Blaxit: Moving to the Motherland by Muhammida El Muhajir, Movement Pan Africa

“The function, the very serious function of racism, is distraction. It keeps you from doing your work. It keeps you explaining, over and over again, your reason for being.” – Toni Morrison

I’m asked almost daily, why I moved to Ghana. It seems to be shocking to people of all races why someone from the so called “land of milk and honey” (USA) to the so called “dark continent” (Africa).  This Toni Morrison quote sums it up perfectly. I moved because I could no longer be distracted by race. I wanted to do my work without the distraction of validating my humanity.  After all hadn’t I done enough already? I worked at one of the top corporations in the world (Nike), purchased a home in one of the top markets in the world (New York) before turning 30, presented at leading  academic intuitions (Harvard and Oxford), succeeded (and failed) at businesses, and traveled to 25+ countries.  There was no explaining left to be done. And there would not be another iota of energy used to try to make anyone aware of my greatness.  So I packed up my things and moved 10,000 miles away, across the Atlantic Ocean to be “Free” in the land of my ancestors. 


At some point all beings want to return home to their place of origin. To a place where they are loved and accepted. Humans. Animals. Even aliens. (Remember ET?).  The spirit of my ancestors have been working hard to “get home” for centuries and as much as I moved for my own mental, physical and emotional sanity I also was driven by those spirits who wanted to return. The spirits who would not rest until they were safely back from whence they came.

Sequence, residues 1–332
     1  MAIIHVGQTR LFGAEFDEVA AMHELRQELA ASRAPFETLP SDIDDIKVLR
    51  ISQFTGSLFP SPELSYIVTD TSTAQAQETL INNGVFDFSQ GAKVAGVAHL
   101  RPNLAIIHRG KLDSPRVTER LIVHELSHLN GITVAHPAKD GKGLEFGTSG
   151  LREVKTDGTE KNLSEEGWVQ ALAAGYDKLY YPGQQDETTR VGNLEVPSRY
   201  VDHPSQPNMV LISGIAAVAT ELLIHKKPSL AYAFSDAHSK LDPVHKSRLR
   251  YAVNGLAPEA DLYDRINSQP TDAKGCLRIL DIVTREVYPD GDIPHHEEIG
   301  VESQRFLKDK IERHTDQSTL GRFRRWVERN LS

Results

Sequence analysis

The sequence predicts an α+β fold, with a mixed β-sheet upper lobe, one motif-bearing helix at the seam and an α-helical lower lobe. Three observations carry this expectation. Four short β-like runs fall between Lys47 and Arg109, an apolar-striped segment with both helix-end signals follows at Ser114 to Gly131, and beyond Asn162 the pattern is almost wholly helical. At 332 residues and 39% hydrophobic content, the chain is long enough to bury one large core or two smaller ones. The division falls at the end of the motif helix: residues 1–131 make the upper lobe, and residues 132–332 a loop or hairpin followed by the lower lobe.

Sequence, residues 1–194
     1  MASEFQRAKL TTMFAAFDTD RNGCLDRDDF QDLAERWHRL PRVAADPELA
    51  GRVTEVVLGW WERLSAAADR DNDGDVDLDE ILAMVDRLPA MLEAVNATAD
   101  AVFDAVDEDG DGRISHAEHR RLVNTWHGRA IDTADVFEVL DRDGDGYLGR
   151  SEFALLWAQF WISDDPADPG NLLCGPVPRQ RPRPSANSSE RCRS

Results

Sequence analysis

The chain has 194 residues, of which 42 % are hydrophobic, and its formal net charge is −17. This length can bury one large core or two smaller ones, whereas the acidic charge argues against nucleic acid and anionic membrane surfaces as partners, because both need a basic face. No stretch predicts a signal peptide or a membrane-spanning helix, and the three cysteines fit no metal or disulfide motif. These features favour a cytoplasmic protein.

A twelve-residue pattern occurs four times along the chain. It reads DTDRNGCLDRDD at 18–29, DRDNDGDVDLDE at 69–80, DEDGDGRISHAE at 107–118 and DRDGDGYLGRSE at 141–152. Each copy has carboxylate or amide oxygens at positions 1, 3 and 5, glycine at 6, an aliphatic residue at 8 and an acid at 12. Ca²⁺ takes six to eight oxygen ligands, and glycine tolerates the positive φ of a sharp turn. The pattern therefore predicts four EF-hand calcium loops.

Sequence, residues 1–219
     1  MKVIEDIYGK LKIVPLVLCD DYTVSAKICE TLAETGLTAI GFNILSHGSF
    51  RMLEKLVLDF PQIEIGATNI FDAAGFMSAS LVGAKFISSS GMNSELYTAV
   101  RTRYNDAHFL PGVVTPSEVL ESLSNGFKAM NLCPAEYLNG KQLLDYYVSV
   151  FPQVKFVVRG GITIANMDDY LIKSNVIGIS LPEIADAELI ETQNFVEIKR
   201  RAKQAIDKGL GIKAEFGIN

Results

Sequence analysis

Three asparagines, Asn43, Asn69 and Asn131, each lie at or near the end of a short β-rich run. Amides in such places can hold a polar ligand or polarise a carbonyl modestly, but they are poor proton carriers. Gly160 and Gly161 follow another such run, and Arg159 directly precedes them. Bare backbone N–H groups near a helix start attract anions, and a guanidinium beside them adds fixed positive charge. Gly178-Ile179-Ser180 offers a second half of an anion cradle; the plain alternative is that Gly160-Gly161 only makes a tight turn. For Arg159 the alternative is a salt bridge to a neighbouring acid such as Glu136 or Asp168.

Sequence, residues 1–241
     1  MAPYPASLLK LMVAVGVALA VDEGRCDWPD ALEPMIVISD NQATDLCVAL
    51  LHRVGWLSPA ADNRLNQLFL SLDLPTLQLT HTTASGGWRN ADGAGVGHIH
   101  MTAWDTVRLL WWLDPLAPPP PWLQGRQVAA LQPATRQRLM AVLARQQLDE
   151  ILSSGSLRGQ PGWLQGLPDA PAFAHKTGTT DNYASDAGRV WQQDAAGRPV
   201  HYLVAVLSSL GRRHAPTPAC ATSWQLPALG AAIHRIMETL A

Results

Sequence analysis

I moved to Ghana just over two years ago. GHANA. The former Gold Coast.  Land rich with gold (and now oil), cocoa, shea, the blackest people, and the sweetest pineapples and mangoes.

I had first come in 2003 for a Master’s degree program in International Relations at the University of Ghana. I considered moving back then but I wasn’t ready yet and neither was Ghana. I came back in 2013 and by this time major changes had happened in the country. My good friend Christa, a homegirl from Philly who had been living in Ghana since my Univ of Ghana days served as my social attaché. We went to fashion parties at boutique hotels, cocktails at swanky lounges, film screenings hosted by African hipsters and discussions between African intellectuals. Ghana had changed and I loved it! 

During this trip, I learned of a Fellowship opportunity at technology school and was encouraged to apply. In less than six months, I was accepted to the program and preparing to move to Ghana initially for 1 year. That would be my trial year. It would give me enough time to see how I liked it. If I could do it for the long run.  I’m still her loving it 2 years later! I feel at home. After a lifetime of being an outsider and minority in my native country, I am now in the majority. Black people everywhere! In the bank, owning the bank, the mall (owning the mall), the hotel (owning the hotel), the airport, the government offices, the police, the army, the commercials, the billboards, everyone everywhere! 

Perhaps my experience and perception of living in Ghana is unique but I also feel very safe here. In fact, safer than I ever have before.  Safer than when I lived in Philly, Harlem, Brooklyn, Oakland, LA, or DC where I had an underlying feeling of always being under attack. This caused me a lot of anxiety and insecurity. Don’t look the person in the eye, they might feel threatened. Don’t accidentally bump into someone. Don’t NOT respond to a man’s advance or call. Don’t dress too provocatively. Don’t get into any sort of verbal conflict with anyone. Keep your hands visible when you walk into ANY store. Don’t be too smart. Don’t talk too white. Don’t talk too black. Don’t be too black. Don’t get pulled over for traffic stop. Don’t walk with a Snapple and skittles. Don’t wear a hoody. Don’t Run. Don’t walk. Don’t breathe. At any moment your life and freedom can be taken by a random act of violence or prejudice.